Teaching Profession

Teachers Report Lower Pay, More Stress Than Workers in Other Fields

By Evie Blad — June 19, 2024 4 min read
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The teachers are not all right.

They work longer hours and earn less pay than comparable workers. And twice as many teachers said they experienced frequent job-related stress or burnout this year compared to their peers in other fields, according to a nationally representative survey released June 18 by the RAND Corporation.

Despite those challenges, teachers did not seem more likely to leave their jobs than comparable workers; 22 percent said they wanted to leave their current job, compared to 24 percent of adults in other sectors.

The findings should concern district leaders, whether or not teachers actually follow through on the intent to leave, said Sy Doan, a RAND policy researcher who coauthored the report.

“Educator well-being is an important issue, regardless of its connection to teacher retention,” Doan said. “The natural question is, how many of those people actually leave their job? But the intention to leave your job signifies low job satisfaction, and that affects well-being, morale, and job performance.”

RAND researchers compared a January survey of 1,500 K–12 teachers fielded with a poll of 500 comparable employees—adults with bachelor’s degrees working at least 35 hours per week in other industries.

Their findings come as school and district leaders struggle to address concerns about teacher morale and support educators in the hard work of pandemic recovery.

Student behavior and low salaries are key teacher stressors

Fifty-nine percent of teachers reported frequent job-related stress in the 2023-24 school year, compared to 33 percent of comparable working adults. Teachers were also more likely to indicate symptoms of depression, at a rate of 19 percent compared to 12 percent of comparable workers. And 60 percent of teachers’ responses indicated burnout, compared to 33 percent of comparable workers.

While teacher well-being showed a slight improvement over last year’s survey, “teachers were still more likely than the general population of working adults and more likely than comparable working adults to experience poor well-being on almost every indicator,” RAND researchers found.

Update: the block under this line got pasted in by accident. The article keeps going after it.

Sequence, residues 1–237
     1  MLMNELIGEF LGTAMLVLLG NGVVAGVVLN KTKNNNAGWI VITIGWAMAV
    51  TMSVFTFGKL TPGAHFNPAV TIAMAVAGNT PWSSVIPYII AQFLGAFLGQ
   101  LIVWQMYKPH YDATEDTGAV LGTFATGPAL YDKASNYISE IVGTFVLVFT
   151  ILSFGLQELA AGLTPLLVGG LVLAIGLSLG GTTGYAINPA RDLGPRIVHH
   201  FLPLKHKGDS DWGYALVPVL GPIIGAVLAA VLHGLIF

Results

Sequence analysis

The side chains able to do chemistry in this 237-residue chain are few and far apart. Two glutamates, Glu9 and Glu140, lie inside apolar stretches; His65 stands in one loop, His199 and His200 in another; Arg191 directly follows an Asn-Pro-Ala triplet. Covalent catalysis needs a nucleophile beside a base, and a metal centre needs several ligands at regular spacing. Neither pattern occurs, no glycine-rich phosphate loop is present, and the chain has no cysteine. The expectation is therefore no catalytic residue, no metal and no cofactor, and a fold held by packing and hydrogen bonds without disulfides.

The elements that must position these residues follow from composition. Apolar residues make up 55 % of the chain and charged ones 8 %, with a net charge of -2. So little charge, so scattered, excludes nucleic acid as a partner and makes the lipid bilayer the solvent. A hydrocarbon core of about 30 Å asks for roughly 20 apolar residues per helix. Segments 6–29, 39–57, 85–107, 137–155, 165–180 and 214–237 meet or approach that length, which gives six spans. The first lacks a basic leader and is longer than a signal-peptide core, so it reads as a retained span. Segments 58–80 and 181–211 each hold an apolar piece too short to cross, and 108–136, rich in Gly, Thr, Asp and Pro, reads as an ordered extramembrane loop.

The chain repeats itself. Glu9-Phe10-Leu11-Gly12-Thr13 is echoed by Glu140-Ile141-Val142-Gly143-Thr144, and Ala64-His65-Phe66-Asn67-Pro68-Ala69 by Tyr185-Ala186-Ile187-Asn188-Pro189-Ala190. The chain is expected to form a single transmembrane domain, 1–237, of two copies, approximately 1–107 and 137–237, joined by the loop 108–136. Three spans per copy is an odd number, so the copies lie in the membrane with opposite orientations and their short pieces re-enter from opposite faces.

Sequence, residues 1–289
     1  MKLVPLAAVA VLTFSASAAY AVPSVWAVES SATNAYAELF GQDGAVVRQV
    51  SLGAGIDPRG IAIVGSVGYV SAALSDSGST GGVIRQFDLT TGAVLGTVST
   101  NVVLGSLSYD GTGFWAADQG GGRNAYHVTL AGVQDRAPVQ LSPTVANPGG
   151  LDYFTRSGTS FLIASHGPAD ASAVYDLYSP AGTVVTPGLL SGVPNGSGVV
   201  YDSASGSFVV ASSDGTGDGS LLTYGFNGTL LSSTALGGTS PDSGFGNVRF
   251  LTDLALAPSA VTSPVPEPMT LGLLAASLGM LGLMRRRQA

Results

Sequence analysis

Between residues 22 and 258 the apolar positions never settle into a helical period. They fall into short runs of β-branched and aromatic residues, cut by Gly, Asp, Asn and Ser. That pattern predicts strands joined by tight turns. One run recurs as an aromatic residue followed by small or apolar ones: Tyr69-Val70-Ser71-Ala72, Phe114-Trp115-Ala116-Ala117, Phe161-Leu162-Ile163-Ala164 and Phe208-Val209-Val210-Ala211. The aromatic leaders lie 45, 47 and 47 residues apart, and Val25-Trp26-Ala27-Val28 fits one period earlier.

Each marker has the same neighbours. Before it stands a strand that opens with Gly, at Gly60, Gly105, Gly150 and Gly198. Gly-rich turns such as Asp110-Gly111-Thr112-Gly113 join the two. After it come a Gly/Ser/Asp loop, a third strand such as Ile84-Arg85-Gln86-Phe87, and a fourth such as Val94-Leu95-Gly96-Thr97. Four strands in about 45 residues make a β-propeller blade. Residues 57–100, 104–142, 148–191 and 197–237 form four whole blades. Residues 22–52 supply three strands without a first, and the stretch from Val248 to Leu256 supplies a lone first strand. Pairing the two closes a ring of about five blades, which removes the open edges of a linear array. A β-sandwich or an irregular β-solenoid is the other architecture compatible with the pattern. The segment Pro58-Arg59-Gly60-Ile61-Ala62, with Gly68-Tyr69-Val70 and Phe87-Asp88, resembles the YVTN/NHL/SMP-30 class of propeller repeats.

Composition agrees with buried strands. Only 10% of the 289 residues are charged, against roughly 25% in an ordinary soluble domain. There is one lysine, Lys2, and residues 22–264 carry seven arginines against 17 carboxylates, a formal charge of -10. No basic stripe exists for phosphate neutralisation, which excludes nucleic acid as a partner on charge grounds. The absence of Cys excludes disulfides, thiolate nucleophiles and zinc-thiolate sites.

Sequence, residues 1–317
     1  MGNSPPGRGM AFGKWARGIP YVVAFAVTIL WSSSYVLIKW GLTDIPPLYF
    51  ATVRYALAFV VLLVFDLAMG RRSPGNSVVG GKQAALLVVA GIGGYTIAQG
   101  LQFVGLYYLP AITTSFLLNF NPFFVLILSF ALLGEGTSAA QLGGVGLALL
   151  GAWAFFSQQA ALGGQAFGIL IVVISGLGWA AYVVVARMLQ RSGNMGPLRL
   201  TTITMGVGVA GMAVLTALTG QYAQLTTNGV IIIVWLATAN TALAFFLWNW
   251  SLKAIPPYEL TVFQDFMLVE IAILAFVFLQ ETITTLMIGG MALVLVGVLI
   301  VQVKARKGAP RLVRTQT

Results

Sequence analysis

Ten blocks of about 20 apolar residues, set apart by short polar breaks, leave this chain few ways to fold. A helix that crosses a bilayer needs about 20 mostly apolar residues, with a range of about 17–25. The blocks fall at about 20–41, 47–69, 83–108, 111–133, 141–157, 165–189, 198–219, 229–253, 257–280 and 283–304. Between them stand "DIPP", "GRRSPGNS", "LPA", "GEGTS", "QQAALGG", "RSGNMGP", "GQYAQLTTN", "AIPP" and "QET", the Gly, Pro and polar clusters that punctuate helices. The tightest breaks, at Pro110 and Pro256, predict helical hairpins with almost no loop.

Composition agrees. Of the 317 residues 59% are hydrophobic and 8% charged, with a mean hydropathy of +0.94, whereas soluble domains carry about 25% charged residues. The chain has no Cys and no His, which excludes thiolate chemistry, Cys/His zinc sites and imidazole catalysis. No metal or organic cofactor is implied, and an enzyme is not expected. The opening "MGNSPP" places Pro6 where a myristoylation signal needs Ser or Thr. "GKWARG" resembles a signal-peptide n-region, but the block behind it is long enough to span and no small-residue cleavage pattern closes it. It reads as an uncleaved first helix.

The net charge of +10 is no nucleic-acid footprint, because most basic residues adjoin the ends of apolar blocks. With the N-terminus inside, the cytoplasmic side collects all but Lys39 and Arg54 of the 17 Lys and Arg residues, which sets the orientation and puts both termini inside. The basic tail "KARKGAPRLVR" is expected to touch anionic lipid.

Asked to select their top three workplace stressors from a menu of options, teachers overall were most likely to list managing student behavior, low salaries, and administrative work.

Those challenges parallel what teachers told EdWeek reporters as part of the media organization’s annual The State of Teaching Project. The project’s Teacher Morale Index also largely paralleled the new RAND research, finding that teachers’ morale is currently more negative than positive.

Teachers have complained about an uptick in misbehavior and struggles with student engagement since the onset of the COVID-19 pandemic. In the survey, 66 percent of teachers with five or fewer years of experience listed behavior as a top stressor, compared to 45 percent of overall teachers.

Black teachers and teachers with 10 or fewer years of experience were more likely to cite low salaries as a top stressor than teachers overall.

More than a fifth of teachers say they intend to leave their jobs

The proportion of teachers who reported intentions to leave their jobs by the end of the 2023-24 school year was similar to the proportion of comparable workers who reported an intent to leave.

Twenty-two percent of teachers said they intended to leave their job, and 17 percent said they wanted to leave the profession. Black and Latino teachers were more likely than their white peers to say they planned to leave.

Workers who self-report plans to leave their jobs don’t always do so, Doan said.

The report cites a recent study that found that roughly 30 percent left their jobs within a year of indicating plans to do so.

“Applying that rough measure to our data suggests that approximately 7 percent of teachers nationally will leave their jobs by the end of the 2023–2024 school year and approximately 5 percent will leave the profession,” the RAND team wrote.

Teachers at all salary levels believe they are underpaid

Teachers reported an average base salary of $70,000, compared with an average base pay of roughly $88,000 for comparable working adults. Thirty-six percent of teachers said their pay was adequate, compared to 51 percent of comparable workers.

Teachers’ estimates of their average salary closely match data from the National Education Association, which put the average salary at about $71,700 in the 2023-24 school year.

On average, teachers said they wanted a $16,000 increase in their pay, and teachers in all salary bands indicated they should earn more. On a recent EdWeek Research Center survey, teachers put that figure slightly higher—around $20,000.

Teachers report longer hours than other workers

Teachers reported working an average of 53 hours per week, compared to 43 hours of weekly work reported by comparable workers. And teachers were significantly less likely to say they were satisfied with their pay and workload than other comparable workers.


This content is provided by our sponsor. It is not written by and does not necessarily reflect the views of Education Week's editorial staff.
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